By implementing 120-1 (first stage) as a flip-around charge redistribution stage, the power and area efficiencies are attained. There is significant power advantage gained because the first stage has the most stringent gain error and settling error requirements, and hence highest power dissipation. There may not be a compromise of error containment requirement because there are no prior stages at which error could have accumulated.

The second stage 120-2 is chosen as a flip-around charge redistribution stage since the estimated accumulated non-linearity (over the first two stages) was determined to be less than a desired limit.

The third and fourth stages 120-3 and 120-4 were implemented as general charge redistribution stages to prevent any further non-linearity accumulation. In general, general charge redistribution stages are used to limit the accumulated error, and to prevent the accumulated error from propagating to the subsequent stages.

Thus, a designer may estimate the accumulation of errors from prior stages, and use general charge redistribution stages when the accumulated error needs to be contained/controlled. In addition, by choosing two consecutive general charge redistribution stages, the possibility of propagating accumulated error to later stages is further reduced.

The description is continued with respect to comparison of observed integral non-linearity (INL) of the above-described embodiment with ADCs implemented using general charge redistribution stages or flip-around charge redistribution stages exclusively. In general, INL represents a difference of the actual input voltage at which a digital code transition takes place (ADC output changes from code I to I+1) and the ideal input voltage at which the code transition should have taken place. For example, assuming that a digital code transition between 49 and 50 should have taken place when input voltage equals 15V (equaling a quantization step size of 0.3, assuming 50 equal steps) but the actual transition takes place only at a voltage of 15.5V, the INL equals (15.515=0.5V) (i.e., 5/3 least significant bits, LSBs). In general, the INL needs to be low for low bit errors.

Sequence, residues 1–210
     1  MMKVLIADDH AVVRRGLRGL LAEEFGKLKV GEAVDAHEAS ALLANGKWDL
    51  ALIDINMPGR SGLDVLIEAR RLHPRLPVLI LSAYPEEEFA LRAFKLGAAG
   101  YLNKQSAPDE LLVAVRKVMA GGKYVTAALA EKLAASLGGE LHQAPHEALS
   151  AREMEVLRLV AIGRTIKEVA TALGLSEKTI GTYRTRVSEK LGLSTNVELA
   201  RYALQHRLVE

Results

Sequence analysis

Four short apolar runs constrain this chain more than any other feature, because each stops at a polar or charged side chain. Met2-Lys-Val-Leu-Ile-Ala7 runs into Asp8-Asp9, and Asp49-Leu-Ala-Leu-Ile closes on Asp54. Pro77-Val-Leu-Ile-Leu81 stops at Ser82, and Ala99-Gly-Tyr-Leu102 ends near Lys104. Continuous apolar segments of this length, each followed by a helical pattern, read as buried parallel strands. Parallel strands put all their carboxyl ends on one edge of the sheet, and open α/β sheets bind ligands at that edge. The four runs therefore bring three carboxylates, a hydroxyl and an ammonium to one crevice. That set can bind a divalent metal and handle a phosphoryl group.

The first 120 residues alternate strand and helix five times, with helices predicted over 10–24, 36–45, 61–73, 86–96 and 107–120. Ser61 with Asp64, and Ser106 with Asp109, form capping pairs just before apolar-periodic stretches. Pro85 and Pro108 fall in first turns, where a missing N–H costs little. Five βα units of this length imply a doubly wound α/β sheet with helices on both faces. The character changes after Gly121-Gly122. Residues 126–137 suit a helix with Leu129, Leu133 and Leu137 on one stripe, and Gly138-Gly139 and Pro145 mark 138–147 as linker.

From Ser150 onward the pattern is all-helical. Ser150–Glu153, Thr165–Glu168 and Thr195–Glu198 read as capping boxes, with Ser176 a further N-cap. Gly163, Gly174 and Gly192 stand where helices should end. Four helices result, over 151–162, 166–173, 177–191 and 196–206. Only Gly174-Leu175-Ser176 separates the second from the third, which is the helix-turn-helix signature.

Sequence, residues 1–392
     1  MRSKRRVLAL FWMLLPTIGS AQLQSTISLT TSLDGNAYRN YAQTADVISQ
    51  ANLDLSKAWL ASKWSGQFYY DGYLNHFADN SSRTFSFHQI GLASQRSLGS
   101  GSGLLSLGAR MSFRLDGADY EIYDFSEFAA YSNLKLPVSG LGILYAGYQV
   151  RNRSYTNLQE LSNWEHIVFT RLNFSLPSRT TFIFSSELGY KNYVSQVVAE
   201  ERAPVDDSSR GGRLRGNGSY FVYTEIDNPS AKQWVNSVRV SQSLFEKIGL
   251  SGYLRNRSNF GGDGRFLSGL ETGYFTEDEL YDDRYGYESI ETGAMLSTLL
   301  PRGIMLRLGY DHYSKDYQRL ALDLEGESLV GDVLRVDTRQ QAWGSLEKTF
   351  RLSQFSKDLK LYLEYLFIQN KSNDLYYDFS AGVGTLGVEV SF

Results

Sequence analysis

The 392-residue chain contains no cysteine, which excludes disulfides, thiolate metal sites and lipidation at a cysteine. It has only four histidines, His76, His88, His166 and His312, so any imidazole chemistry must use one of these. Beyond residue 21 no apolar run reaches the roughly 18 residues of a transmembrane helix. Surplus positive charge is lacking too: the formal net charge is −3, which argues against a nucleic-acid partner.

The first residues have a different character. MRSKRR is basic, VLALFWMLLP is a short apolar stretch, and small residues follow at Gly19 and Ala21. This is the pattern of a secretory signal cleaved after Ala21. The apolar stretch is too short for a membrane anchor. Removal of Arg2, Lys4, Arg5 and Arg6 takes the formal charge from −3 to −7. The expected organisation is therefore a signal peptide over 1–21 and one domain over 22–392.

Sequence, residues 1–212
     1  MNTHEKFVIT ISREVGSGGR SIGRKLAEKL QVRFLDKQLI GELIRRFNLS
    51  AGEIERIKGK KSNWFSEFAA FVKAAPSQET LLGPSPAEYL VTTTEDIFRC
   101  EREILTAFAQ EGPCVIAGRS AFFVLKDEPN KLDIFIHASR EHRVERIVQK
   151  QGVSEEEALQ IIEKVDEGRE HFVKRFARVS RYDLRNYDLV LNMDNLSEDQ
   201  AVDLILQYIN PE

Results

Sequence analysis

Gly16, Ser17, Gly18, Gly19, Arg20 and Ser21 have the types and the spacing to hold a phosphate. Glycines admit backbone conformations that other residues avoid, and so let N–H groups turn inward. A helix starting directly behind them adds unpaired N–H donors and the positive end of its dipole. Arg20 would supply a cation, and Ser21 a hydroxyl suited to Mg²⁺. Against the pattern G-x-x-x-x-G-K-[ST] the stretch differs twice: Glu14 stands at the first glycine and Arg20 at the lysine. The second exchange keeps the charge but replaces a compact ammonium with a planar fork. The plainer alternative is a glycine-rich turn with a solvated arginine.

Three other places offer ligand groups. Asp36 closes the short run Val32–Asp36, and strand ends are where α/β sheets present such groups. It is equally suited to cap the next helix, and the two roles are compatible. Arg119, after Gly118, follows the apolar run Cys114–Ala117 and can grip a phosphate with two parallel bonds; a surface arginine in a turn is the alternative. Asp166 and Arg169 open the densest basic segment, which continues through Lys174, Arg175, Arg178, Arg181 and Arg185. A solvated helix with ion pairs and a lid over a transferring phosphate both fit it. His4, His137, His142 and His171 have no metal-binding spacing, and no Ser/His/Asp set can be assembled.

8. Comparison with Prior Approaches

FIGS. 7A, 7B and 7C are graphs illustrating the INL with respect to each ideal code for ADCS implemented using general charge redistribution stages, flip-around charge redistribution stages and in an embodiment of the present invention, respectively. Thus, the X-axis in each graph represents the ideal codes (assuming a 10 bit ADC) and Y-axis the corresponding INL in terms of number of least significant bits (LSBs).

As may be observed in the case of general charge redistribution stages of FIG. 7A, the worst case INL is less than 0.42 LSB. This represents the best case in terms of (minimizing) INL. With respect ADC implemented using all flip-around charge redistribution stages, the INL is shown shooting up to 0.90 LSBs, which represents the worst INL scenario of the three cases. However, this approach provides the best results in terms of minimizing area and power consumption.

FIG. 7C depicts the INL curve with respect to an embodiment of the present invention, and is shown with maximum INL of 0.47 LSB (slightly more than in FIG. 7A). Thus, general charge redistribution stages located in between flip-around charge redistribution stages, prevented the INL accumulation, leading to substantially equal performance with that of the best result (of FIG. 7A), with some compromise of power/area consumption.

From the above, it may be appreciated that an aspect of the present invention uses two types (general and flip-around, in the above examples) of stages to achieve an acceptable combination of various design objectives.

9. CONCLUSION

While various embodiments of the present invention have been described above, it should be understood that they have been presented by way of example only, and not limitation. Thus, the breadth and scope of the present invention should not be limited by any of the above described exemplary embodiments, but should be defined only in accordance with the following claims and their equivalents.

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Classifications
U.S. Classification341/161, 341/122, 327/94
International ClassificationG11C27/02, H03K17/00, H03M1/38, H03K5/00, H03M1/00
Cooperative ClassificationH03M1/0607, H03M1/804, H03M1/167
European ClassificationH03M1/06C1Z